Lisa Flanders, Registered Physiotherapist

Connecting you with your Pelvic Floor

Singing and the Pelvic Floor

I love to sing! Only when no one can hear me, which often involves a solo party with my iPod or belting out tunes to a song on the car radio (yes I am that person at the red-light). When asked what type of music I like, my answer is whatever I can sing along with.

I am not a good singer and I am okay with that, however I started taking singing lessons with the goal of having confidence to get up on stage at a karaoke night. I won’t be quitting my day job anytime soon because I am mediocre at best (though my singing teacher is much more complimentary).

singing

I am a physiotherapist with an area of focus on the pelvic floor. I pride myself in my body awareness. I can contract individual muscles on cue and relax them just the same. I can flawlessly demonstrate an exercise and I have perfect sitting posture. What has been fascinating through my singing lessons and what inspired me to write this post is how much more I am learning about my body and connecting with areas where I hold tension.

I have learned that I hold my pelvic floor tightly in standing and consciously have to relax the muscles to allow a diaphragmatic breath before the notes come from my mouth. I have learned how to take fuller and longer breaths and command noise from my diaphragm. I have also learned that I am not tone-deaf and can actually hit some pretty high notes (I can hit them, but the sound is not nearly as pretty as what I hear on the radio). I leave every lesson feeling open, relaxed and slightly more connected with my body.

Breathing

An effective diaphragmatic breathing technique is essential to singing. Sadly I find that many people do not know how to breathe effectively. In our modern era, we have become a sedentary population who spend a third of each day sitting at desks. Desk-jobs and compression of the abdomen through poor posture is non-optimal for an effective breath. Further, and this applies especially to women, we suck our stomachs in or wear compressive garments to give the appearance of a flatter stomach, think of how difficult breathing becomes to inhale fully when we have compression across our bellies.

The Diaphragm and Pelvic Floor Role in Singing

As we inhale (long, slow and smooth breaths) our diaphragm contracts and descends to allow air to fill the lungs. This increases the pressure through the abdomen and that pressure has to go somewhere, hence a belly breath. Ideally, the pelvic floor will relax slightly to allow for this pressure as well. The long and full breath is what is needed to create beautiful sound out of the vocal chords and to hold notes without running out of air.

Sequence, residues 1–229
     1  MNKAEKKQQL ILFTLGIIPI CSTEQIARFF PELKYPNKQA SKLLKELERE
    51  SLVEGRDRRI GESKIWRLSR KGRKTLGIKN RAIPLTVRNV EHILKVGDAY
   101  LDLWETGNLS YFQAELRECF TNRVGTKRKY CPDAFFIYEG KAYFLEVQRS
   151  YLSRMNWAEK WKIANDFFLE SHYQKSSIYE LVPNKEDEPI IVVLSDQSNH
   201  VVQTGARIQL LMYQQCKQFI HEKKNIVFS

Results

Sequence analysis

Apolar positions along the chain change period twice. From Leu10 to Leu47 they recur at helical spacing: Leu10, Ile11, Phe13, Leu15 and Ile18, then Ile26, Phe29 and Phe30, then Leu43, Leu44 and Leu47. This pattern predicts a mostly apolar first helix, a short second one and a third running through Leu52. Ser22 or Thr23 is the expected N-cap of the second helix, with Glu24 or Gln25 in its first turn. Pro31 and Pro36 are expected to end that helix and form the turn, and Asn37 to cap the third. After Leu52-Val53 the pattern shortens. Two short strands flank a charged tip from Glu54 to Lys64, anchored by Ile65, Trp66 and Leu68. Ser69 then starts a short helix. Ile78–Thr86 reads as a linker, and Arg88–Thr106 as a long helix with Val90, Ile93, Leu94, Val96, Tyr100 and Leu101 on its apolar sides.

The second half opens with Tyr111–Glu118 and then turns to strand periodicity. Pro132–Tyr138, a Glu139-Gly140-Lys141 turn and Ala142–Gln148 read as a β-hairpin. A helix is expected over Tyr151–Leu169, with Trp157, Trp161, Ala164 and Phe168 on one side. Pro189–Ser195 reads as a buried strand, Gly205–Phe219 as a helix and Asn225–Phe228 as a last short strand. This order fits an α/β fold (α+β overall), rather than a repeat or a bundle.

Initially I teach my clients breath work in a supine position (lying on the back). We focus on long, slow and smooth breaths. The focus is to imagine breathing into the pelvic floor.

For our muscles to be functional, they must be able to contract AND relax. Muscles that hold too much tension are not functional muscles. This can lead to pelvic pain, painful intercourse, hip dysfunction and stress urinary incontinence. If we learn to breathe more consciously, not only will pelvic pain decrease but overall stress levels will decrease as well.

I think I am going to start incorporating singing as a treatment technique into my physiotherapy practice.

A little side note: On my first lesson, my teacher asked me to think of a word that ends in ”ah” (based on Italianate vowels), without blinking I responded with “vagina”, I really am meant to be a pelvic floor physiotherapist.

3 Comments

  1. Kick the tires and light the fires, problem ofclfialiy solved!

  2. I really enjoyed reading this post. I also love singing, and often sing along to my favourite tunes whenever I’m home, but at the same time realize that I’m sometimes off key and am therefore shy to sing around others. Would love to explore incorporating singing into future physiotherapy sessions with you. Thanks for sharing this post. 🙂 Michelle

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